The day after Christmas, a dreary day by Coast standards, Owen Betz was training at a nondescript field in Pass Christian.
The former St. Stanislaus dual-sports star was kicking soccer balls into trash cans from distance to hone his accuracy. It’s part of his daily regimen to stay sharp in the offseason.
As recently as nine months ago, you probably wouldn’t have found the 6-foot-3 goalkeeper putting in extra work on his own, braving miserable weather to get better.
Betz had serious doubts about himself as a soccer player and possibly more this past spring. He had reached a breaking point and nearly quit the game he loved.
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But after rediscovering his soccer zen in the midst of a NJCAA All-America season at Mississippi Gulf Coast Community College, Betz is as determined as ever to make it back at the next level and possibly beyond.
“I want to take this as far as I can,” a rejuvenated Betz said Tuesday. I feel like I owe it to myself. I have a gift so I might as well try to use it.”
Going off to college
Betz’ collegiate career got off to a slow start at Northern Kentucky due in part to a “slightly” torn meniscus. It took a while for Betz to make his Norse debut, and although he shined once he took control of the goal — posting a 1.46 goals against average and .774 save percentage — he wasn’t happy.
“Oh man, I was really at a breaking point. It was the closest I’ve ever been to quitting,” Betz said. “I knew I needed to leave and just get away.”
Betz was confident he would earn the NKU starting job as a freshman, but the pressure was smothering him.
“Every day going to practice was nerve-racking, feeling like I had to prove myself daily,” Betz said. “I was throwing up in the morning and having crazy, crazy anxiety over soccer, something I’ve played my entire life.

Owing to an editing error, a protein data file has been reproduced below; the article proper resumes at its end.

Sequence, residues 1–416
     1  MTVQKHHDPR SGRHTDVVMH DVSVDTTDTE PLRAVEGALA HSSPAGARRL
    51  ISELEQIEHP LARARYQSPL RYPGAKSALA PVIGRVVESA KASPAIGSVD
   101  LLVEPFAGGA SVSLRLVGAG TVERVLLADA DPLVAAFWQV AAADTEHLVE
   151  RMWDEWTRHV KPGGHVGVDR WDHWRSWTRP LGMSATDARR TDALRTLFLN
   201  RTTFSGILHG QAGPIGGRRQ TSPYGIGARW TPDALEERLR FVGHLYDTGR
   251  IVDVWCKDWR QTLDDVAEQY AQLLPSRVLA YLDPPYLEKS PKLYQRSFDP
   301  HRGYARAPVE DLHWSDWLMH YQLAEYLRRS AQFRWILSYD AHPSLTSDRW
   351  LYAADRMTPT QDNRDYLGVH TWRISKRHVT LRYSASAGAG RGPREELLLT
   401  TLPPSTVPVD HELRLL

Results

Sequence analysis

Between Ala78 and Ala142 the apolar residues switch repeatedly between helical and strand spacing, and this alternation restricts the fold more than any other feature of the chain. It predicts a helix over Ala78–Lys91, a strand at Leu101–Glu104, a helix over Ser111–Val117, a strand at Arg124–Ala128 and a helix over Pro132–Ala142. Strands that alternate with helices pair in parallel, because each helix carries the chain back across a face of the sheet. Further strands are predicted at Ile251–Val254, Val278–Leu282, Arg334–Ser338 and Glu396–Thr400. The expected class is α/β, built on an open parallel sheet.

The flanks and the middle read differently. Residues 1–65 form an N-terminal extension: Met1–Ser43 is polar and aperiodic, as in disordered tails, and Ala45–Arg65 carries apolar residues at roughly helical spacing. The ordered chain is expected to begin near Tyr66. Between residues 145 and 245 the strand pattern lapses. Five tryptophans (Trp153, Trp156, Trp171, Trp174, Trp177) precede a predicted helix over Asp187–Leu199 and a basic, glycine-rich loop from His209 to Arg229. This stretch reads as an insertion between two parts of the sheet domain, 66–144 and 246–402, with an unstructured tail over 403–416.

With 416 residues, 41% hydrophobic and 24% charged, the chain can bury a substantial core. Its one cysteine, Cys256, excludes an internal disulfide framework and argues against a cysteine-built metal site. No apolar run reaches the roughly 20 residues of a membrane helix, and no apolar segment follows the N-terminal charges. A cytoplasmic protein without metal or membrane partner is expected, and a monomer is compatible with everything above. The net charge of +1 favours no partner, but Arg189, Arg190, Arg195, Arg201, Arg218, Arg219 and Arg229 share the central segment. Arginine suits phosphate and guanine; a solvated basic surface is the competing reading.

“It was at that point I knew there was no way in hell I could continue doing that.”
Betz said his stress had been wearing him down for a number of years and was an accumulation of things, “but soccer at the forefront.”
A coaching change ultimately gave the Coast native the nudge he needed. In the spring he officially quit the Norse — after something of a “Good Will Hunting” type of epiphany, Betz said.
“The guy who came in, our views really didn’t align,” Betz said. “I was also questioning what I wanted to do and where I wanted to be in life.”
Finding the way at MGCCC
It didn’t take long for word to get out that Betz was leaving NKU.
MGCCC coach Chris Handy reached out and promised Betz an opportunity if he wanted to give soccer a second chance.
Betz mulled it over through the spring and into the summer — he even considered walking on to LSU’s football team to re-join former SSC teammate Myles Brennan — before fully committing to returning to the pitch.
Looking back, Betz is glad he accepted Handy’s opportunity. Betz posted a 13-3-1 record with a 1.34 GAA and .808 save percentage in Perkinston, good enough to be named an NJCAA All-American.
“This past season I really fell back in love with it and now I’m ready to run with it as far as I can,” Betz said, in part crediting Handy for his turnaround. “If I’m not comfortable I really can’t deliver what my full potential can be. I really need a coach who I can connect with on multiple levels, not just soccer.”
Not exactly a surprise, Handy is glad Betz gave soccer another chance, too.
“He gave our team confidence to play. No moment was too big for him and he stepped up big for us all season,” Handy said, pointing to Betz’s work ethic as a big reason for his success.
“I’ve had goalkeepers who make all the simple saves and may get beat top corner. Owen makes the big saves, too. He can make the ones he has no business making.”
Betz committed to Florida Gulf Coast University back in October. While he originally hoped to transfer in time for the spring semester, he’ll have to wait until summer so he can graduate from MGCCC.
He’ll likely have to battle the Eagles returning four keepers from this year’s 8-6-3 team. That’s OK to Betz. He believes he has conquered what held him back at NKU. Now he’s ready to just play soccer and see where his hard work can take him.
“I’ve watched them and they’re good goalkeepers, too,” he said. “(The coach) knows my potential and I think he wants me to come in — nothing’s going to be given, that’s just life — and compete to earn a spot. I think if I just go in with confidence and play like I know I can play I’m pretty sure I’ll earn the job.”
By the numbers